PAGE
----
This page tell how to turn (parts of) an outline into the text files, so you can use Leo to create computer programs or other text documents, including html and xml documents.

Leo can automatically generate external files from parts of an outline. A single .leo file can generate many separate text files. Headlines such as the following tell Leo to read and write the corresponding external file when reading or writing the Leo outline:

@auto <filename>
@file <filename>
@shadow <filename>
@thin <filename>

Collectively, these headline directives are known as @<file> directives. There are other @<file> directives not listed above, but we won't discuss them in this tutorial.

The @file and @thin directives create external files. You could say that the Leo outline "owns" those files. Leo inserts sentinel comments in files created with @file and @thin. This allows Leo to store information that makes managing the files easier, and allows @file and @thin outlines to have features that are not possible with @auto and @shadow.

The @auto and @shadow directives manage imported external files. When reading an .leo file, Leo parses @auto and @shadow files. When writing @auto and @shadow files, Leo writes those files without sentinels. Thus, you can use @auto and @shadow to manage files owned by others.

To be revised...

Each file that is to be created has a sub=outline headed by one of the @<file> directives that specifies the filename to be created/updated. The sub- outline of the @<file> containing headline is the source of all the text that will end up in the file, but just how is the hierarchically organized text converted into a linear one? To convey this process, lets use a mechanical analogy of assembling a paper based 'scroll' of the file's text.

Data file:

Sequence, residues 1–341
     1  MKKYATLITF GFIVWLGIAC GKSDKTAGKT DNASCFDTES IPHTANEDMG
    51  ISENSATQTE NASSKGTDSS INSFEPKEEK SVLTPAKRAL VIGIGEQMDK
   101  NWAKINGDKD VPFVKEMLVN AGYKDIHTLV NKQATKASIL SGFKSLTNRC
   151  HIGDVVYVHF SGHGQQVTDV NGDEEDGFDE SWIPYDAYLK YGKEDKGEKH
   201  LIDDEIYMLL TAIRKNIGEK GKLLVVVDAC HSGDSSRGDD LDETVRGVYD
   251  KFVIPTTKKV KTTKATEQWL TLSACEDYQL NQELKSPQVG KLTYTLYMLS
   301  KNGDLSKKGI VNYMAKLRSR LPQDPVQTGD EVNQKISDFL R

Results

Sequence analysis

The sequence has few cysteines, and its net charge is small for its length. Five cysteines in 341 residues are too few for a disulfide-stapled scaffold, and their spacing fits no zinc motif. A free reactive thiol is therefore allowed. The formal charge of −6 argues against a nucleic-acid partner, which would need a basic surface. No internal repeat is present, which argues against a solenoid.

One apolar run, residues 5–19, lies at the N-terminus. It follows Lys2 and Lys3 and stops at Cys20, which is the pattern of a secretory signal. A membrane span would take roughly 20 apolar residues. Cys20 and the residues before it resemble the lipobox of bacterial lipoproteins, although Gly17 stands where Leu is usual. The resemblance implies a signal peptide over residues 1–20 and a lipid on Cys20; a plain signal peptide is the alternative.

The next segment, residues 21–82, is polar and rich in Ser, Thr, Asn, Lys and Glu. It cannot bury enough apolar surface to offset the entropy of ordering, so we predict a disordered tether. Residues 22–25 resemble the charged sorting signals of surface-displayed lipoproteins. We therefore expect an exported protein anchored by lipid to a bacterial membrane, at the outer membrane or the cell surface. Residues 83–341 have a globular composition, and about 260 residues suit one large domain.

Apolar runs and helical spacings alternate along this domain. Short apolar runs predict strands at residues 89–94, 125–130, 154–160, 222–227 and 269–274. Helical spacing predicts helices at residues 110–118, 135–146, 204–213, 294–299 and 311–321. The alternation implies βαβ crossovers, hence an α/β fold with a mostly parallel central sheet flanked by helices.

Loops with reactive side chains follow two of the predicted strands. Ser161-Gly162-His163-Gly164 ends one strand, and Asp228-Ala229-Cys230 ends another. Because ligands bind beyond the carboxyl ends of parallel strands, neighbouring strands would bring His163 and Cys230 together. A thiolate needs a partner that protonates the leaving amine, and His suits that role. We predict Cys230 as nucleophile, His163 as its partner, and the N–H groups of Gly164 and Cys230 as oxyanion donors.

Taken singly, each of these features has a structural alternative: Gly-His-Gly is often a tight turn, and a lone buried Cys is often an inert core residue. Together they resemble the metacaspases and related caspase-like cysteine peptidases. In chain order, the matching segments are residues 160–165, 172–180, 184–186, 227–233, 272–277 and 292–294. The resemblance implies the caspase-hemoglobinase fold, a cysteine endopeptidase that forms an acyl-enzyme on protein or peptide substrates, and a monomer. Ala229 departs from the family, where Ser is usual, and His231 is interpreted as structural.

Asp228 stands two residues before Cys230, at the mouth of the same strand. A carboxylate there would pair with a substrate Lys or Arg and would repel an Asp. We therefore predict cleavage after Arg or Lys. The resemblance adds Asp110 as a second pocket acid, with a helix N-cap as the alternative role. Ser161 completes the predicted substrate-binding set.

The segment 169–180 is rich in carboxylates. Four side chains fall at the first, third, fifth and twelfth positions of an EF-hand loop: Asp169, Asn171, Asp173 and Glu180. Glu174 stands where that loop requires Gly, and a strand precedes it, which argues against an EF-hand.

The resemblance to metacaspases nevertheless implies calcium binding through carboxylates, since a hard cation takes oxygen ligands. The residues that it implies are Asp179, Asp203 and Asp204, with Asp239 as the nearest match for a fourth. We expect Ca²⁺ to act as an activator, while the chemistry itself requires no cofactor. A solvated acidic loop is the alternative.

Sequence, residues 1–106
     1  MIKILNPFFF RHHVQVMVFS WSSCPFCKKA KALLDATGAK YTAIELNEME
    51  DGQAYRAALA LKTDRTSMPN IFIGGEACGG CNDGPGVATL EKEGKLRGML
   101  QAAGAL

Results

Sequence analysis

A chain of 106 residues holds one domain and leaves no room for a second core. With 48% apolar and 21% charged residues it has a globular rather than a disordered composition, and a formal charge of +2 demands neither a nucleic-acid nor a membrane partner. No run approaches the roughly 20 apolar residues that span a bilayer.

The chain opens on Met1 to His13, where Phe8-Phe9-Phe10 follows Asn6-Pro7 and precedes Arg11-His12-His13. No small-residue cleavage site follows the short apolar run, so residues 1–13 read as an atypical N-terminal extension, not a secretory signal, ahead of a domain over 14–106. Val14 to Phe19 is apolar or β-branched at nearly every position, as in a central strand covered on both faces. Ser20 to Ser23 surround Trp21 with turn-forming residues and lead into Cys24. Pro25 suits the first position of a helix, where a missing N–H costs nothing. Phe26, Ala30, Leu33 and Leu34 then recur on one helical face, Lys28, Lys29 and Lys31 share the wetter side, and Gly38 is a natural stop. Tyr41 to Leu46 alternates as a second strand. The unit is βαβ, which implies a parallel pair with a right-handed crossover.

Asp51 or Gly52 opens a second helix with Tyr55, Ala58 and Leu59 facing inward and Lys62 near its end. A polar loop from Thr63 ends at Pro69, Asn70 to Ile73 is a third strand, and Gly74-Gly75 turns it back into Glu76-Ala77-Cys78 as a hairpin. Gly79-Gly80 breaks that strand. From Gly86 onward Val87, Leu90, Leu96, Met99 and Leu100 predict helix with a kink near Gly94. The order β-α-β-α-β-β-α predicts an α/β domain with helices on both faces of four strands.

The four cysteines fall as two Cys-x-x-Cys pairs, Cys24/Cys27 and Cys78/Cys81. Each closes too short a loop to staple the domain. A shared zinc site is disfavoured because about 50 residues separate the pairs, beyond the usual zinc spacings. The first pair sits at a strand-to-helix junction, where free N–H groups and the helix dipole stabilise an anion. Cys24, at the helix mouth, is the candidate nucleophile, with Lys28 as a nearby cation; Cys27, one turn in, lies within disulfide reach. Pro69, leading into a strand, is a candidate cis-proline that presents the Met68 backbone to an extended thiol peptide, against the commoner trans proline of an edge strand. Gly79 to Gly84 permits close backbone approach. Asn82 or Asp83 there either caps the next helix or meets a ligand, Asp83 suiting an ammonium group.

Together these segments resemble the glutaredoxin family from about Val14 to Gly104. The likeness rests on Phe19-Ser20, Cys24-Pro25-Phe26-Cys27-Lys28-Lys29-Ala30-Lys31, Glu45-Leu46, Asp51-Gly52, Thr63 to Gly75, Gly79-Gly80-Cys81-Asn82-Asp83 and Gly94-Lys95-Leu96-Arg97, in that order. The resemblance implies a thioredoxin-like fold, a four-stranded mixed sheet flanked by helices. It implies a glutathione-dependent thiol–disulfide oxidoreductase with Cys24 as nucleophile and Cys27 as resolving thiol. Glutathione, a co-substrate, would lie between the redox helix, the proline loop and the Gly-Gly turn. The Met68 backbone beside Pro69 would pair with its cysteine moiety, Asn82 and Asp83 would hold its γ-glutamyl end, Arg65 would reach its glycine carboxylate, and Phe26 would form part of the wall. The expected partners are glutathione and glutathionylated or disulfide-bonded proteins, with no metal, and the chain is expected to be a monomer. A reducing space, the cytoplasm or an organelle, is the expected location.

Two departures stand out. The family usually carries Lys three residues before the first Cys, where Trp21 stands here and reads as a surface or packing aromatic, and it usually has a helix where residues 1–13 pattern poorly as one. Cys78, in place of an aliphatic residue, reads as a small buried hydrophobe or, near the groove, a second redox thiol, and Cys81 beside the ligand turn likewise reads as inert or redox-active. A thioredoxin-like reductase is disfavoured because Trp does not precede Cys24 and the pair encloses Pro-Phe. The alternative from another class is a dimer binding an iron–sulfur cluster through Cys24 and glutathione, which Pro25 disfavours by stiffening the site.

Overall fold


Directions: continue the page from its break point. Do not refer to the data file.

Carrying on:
First, you should be aware that headlines are not part of the information that matters to whatever program is going to deal with the output file, so they are not put in the relevant text of the output, (they may end up in comments, but that is covered below). For this assembly process, headlines only possible use is as labels that name the text that will be used to replace that labels occurence in the bodytext of one of its parents. Such labels are denoted by being quoted by double angles, e.g. <<label>>, when these occur in bodytext, they indicate the place at which their defining text is to be pasted, when they occur in a headline, the indicate that that nodes bodytext is to be used as the 'boilerplate text' for the replacement of any occurrence of the label in one of its parents. Any headline that is not a 'label' exists strictly to flesh out the division of the outline.

Thus far, the only text that will get picked up is the bodytext of the @<file> node, with any <<labels>> it contains replaced with the bodytext of the first child node that defines that label. Any label definition can extend this by having labels in its bodytext that is then defined in one of its child nodes. There is another mechanism to indicate that child node's text is to be pick up and placed in the output file, that is the occurrence of the directive "@others" in either the initial @<file> node or the definition of a used <<label>>. The '@others' directive signals that the bodytext of all the non label-defining children is to be picked up and pasted in its place.

A note about the pasting in of text, whenever a <<label>> or and @others is replace with the called for text, it is done in a way that preserves the leading space that existed where the <<labe>> or @others was